Do You Really Need All Those Order Management System Modifications?

   

Recently we had a chance to follow up with a client and vendor on the outcome of their seven-month order management system modificationsimplementation negotiated last year. There are some unique lessons learned about making modifications to  an order management system; or an ERP or warehouse management system for all of us.

The prospective client felt strongly that it needed to hard allocate inventory because of the size and timing issue associated with their wholesale business to business customers. They agreed that for the direct customers, soft allocation would be better but because of the size and growth of the B2B business they needed hard allocation too.

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I want to emphasize that an exception list of requirements was answered by several vendors and two days of demos were conducted using scripted demos with each vendor.

While in the negotiations with the order management system vendor finalist, the vendor agreed to several unique approaches. The vendor liked the client’s ideas and agreed to handle the modification as a no-charge item if the client attended week-long first-level classes so both sides could better understand how the current system worked. This also allowed the vendor to better understand the scope of the issue and suggest options. If the client did not like the design outcome, they would be released from the contract and refunded their deposit.

I want to point out how unique this approach is. In almost all cases, once you sign the license and services agreements and pay the deposit, which can be 50% of the total license cost and a deposit on the professional services, you’re committed.

If the vendor had made the programming changes as first designed and estimated, the modification would have required 300 hours for design, programming and testing. By completing the education and having the extended discussion, the parties were able to find an acceptable compromise that delivered most of the desired functionality while avoiding negative consequences.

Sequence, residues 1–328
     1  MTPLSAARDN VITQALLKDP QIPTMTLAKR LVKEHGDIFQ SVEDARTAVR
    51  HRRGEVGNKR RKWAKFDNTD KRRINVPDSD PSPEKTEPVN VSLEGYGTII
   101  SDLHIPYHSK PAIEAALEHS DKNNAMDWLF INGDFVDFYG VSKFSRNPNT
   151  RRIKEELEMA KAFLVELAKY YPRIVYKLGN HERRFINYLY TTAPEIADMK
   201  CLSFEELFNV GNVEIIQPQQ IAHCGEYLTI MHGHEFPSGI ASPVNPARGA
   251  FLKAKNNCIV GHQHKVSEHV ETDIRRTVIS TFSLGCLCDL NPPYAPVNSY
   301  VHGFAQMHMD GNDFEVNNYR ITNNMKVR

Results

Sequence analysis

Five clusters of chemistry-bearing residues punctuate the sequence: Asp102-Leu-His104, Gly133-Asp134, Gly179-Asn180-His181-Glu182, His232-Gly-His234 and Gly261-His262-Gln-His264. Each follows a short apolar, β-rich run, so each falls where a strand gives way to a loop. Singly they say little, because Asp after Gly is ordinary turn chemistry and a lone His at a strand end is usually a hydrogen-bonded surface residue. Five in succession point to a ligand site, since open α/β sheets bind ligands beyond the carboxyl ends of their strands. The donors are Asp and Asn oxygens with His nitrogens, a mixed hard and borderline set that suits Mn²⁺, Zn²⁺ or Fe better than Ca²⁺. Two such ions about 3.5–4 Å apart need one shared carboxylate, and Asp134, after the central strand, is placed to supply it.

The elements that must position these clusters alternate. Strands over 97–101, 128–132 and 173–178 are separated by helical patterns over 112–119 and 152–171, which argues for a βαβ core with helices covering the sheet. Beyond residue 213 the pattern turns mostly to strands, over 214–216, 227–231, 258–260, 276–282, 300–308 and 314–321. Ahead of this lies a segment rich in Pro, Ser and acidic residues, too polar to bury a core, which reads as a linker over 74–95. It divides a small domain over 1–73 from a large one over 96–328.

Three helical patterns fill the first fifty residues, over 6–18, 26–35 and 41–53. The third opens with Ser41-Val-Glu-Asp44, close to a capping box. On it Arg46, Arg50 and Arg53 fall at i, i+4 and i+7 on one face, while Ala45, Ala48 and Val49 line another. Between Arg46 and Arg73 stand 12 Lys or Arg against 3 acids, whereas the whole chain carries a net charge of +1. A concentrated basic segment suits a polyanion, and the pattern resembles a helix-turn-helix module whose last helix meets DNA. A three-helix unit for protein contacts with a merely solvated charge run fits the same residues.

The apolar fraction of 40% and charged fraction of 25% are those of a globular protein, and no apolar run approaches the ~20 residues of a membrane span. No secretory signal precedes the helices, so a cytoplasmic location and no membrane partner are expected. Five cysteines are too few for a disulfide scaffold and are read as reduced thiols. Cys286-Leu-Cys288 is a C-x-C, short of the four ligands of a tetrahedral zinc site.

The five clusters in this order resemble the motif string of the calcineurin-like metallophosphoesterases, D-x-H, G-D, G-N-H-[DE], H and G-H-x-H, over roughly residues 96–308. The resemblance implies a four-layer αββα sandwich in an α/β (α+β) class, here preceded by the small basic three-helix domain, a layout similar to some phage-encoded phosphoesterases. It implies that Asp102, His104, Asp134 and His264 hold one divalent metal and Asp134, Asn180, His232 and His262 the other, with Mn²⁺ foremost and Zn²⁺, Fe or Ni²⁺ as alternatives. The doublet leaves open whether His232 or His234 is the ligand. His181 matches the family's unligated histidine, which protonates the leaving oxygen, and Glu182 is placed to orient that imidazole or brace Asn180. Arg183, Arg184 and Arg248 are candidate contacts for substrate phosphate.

The results were the following:

  • Programming took around 120 hours vs. the original estimate of 300. At a programming rate of $150/hour, this saved $27,000;
  • The vendor did not have to make unwanted changes to the order management system application’s core structure;
  • The vendor is confident the application can now better handle both B2B and B2C operations, and the client got most of the changes it felt were needed;
  • The modification was added to the application for all users and did not create support issues with future releases;
  • The project was completed on schedule and the go-live date was met. 

We have often seen clients demand many changes without completely understanding functionality. In this case the owner was deeply involved in the design and implementation. There has to be a sense of trust between the two parties for any implementation to be completed successfully; with both understanding each other’s issues before making unnecessary program changes.

We advise against any modifications that make the new system look or function like the old one. Use the new system for six months or more, if possible, to better understand the functionality. In a lot of cases the modifications you thought you needed are not necessary, as the “vanilla” version works fine and requires just minor changes to your business processes. Most of all, there is always room for some creative, open-minded solutions.

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One of the biggest reasons for "go-live" delays and cost overruns is modifications, which happen for a number of reasons. Some of the most common involve an incomplete or insufficient requirements definition. These modification specs need to be defined in detail and signed off on internally by vendor and client management. Delays are also caused by a lack of testing to ensure the modification is working according to the spec definition and can support the business process. It not only needs to be unit tested, but should be incorporated into your conference room pilot testing to make sure it hasn’t adversely affected any other functionality.

Because an order management system is so complex, you can’t always understand the functionality by just reading documents or seeing demos. Neither will this help you fully understand the potential effects of modifications on other system functions.